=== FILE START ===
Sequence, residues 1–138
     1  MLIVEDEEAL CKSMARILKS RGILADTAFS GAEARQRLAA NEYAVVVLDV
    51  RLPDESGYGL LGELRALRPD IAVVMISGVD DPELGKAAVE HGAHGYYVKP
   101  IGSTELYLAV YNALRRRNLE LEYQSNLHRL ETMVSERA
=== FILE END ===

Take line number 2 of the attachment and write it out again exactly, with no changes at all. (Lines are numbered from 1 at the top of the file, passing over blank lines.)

     1  MLIVEDEEAL CKSMARILKS RGILADTAFS GAEARQRLAA NEYAVVVLDV